Recycling of Rice Straw <br />- an entry point to sustainable  rice production<br />Effects on soil, climate and farmers’ ...
Does rice straw have any value?<br />Burning of rice straw is a common sight during the harvest period in many parts of So...
Biomass open burning – Global overview<br />Burning of rice straw and other biomass is practiced in most Asian countries <...
Overview<br />	We will look here at some details of the recycling of rice strawby scattering it equally in the field or mu...
Why do farmers burn the straw?<br />Straw was traditionally used as fodder <br />Mechanization less animals needed<br />A...
Why farmers should NOT burn it?<br />1 ton of straw contains:<br />5 to 8 kg nitrogen<br />1.2 kg phosphorous<br />20 kg p...
What happens if the straw is burnt?<br />400 kilogram of carbon go back to the  atmosphere<br />93 % of the nitrogen goes ...
What can farmers do instead?<br />Just leave the heap- do nothing (straw will slowly decay in one spot, much of the carbon...
Mulching – some considerations (1)<br />Scatter the straw equally soon (immediately) after threshing in the field<br />The...
Mulching – some considerations (2)<br />Ideally combined with a green manure  crop<br />If possible, the straw should be o...
What are the effects on the soil?<br />Nitrogen and other nutrients recycled<br />Additional N-fixed<br />Part of the carb...
A closer look at Nitrogen<br />One tonne of rice grains absorbs about 12.5 kilogram N.If the yield is 4.5 tons, the grain ...
Several farmers obtained yields of over 4 t/ha over many years without additional inputs.<br />Question:If no synthetic fe...
Humus content<br />Over time, humus content increases<br />pH level ↑<br />Nutrient supply more balanced<br />Plant health...
Nutrient deficiencies corrected<br />Farm of Isidro Prado<br />After 15 years of conventional cultivationZinc deficiency ...
Iron toxicity corrected<br />In some places iron toxicity is a problem due to <br />strongly reducing conditions in the so...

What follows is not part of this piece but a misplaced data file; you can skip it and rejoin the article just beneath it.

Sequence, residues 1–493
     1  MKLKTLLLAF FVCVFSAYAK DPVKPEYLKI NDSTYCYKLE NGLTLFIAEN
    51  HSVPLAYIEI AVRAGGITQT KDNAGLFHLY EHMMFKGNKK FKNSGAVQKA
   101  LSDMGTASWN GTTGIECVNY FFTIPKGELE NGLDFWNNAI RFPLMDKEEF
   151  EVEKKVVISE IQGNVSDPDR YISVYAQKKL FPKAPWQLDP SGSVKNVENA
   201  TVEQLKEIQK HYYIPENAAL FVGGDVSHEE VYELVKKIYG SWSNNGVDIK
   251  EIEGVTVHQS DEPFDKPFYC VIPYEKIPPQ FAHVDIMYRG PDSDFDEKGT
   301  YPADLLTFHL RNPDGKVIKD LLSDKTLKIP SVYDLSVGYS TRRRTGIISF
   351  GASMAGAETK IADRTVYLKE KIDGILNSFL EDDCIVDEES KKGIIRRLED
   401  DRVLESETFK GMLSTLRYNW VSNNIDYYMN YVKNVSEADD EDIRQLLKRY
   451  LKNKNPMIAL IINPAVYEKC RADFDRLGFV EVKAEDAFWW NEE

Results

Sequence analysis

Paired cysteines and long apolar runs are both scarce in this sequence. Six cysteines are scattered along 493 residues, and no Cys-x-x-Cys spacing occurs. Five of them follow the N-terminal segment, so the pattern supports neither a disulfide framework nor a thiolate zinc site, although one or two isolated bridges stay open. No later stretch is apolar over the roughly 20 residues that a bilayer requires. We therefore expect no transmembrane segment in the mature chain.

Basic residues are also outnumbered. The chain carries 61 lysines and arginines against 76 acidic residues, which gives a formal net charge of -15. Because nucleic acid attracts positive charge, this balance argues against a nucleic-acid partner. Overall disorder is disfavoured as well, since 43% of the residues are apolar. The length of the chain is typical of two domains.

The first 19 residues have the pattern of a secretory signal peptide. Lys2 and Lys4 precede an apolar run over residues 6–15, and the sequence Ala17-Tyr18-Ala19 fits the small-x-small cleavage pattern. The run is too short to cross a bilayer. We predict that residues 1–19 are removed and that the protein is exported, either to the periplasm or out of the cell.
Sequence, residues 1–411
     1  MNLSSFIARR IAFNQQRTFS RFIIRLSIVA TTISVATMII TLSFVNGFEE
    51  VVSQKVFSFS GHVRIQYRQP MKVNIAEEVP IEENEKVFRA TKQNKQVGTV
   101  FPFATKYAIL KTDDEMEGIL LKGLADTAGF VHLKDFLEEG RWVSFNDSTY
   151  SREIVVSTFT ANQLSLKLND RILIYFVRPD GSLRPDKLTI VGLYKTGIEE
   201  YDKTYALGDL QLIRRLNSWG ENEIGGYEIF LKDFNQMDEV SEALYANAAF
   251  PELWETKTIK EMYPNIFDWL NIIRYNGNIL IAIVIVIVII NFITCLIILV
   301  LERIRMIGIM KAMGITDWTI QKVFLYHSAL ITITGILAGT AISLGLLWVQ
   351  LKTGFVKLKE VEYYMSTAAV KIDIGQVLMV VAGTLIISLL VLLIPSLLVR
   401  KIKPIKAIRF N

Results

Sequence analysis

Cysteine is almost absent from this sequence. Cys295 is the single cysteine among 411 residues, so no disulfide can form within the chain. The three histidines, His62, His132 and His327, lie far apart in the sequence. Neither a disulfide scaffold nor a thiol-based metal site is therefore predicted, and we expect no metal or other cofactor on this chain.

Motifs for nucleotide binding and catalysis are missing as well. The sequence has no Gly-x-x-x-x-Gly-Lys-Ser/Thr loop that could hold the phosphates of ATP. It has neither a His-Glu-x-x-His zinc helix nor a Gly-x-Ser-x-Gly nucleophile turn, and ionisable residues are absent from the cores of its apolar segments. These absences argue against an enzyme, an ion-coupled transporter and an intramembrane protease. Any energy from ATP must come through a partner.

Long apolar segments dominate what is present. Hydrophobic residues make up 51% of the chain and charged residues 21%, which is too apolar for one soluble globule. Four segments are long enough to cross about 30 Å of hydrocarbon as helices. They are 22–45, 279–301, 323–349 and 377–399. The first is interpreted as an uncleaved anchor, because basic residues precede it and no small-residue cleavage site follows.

Straw management and climate (1)<br />Burning  releases carbon<br />Philippines: 3.26 million tons C per year (= 12 milli...
Straw management and climate (2)<br />The main sources of greenhouse gases emissions in agriculture<br />Million tons CO2 ...
Straw management and climate (3)<br />Decomposition under anaerobe condition: Methane emissions ↑<br />If synthetic N is ...
Straw management and climate (4)<br />Soils can serve as carbon sinks<br />Generally, soils have lost carbon due to cleari...
Effect on farmers’ livelihoods (1)<br />Comparaison MASIPAG (Organic) vs. Conventional (2003)<br />In the year 2003, the P...
Effect on farmers’ livelihoods (2)<br />Mr. Isidro Prado:<br />Before recycling rice straw he needed to borrow 4,000.00 Pe...
STOP burning rice straw<br />Need to raise awareness<br />Many NGOs promote sustainable practices <br />Many provinces and...
STOP burning rice straw (2)<br />Group of Advocates for Sustainable Agriculture, Inc.<br />Tandag, Surigao del Sur<br />An...
STOP burning rice straw (3)<br />CITY ORDINANCENO. 229, S-2006  (TAGUM City)<br />d. Agricultural Areas:<br />1. Agricultu...
Tribute<br />The idea to recycle rice straw in the field was among others propagated by the late Lorenzo P. Jose, a pionee...
Conclusion<br />The recycling of rice straw by scattering it in the field follows nature’s way. <br />It is a simple way t...
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Effects recycling of rice straw 2009 09 23-v 07-2011

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Reycling of rice straw as an entry point to sustainable rice production, effects on soil, climate and farmers' incomes.
Author: Winfried Scheewe

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Effects recycling of rice straw 2009 09 23-v 07-2011

  1. 1. Recycling of Rice Straw <br />- an entry point to sustainable rice production<br />Effects on soil, climate and farmers’ livelihoods<br />2nd ECHO Asia Agricultural Conference<br />September 21-25, 2009<br />Chiang Mai, Thailand<br />Winfried Scheewe<br />DED-Cambodia/CEDAC<br />Phnom Penh, Cambodia<br />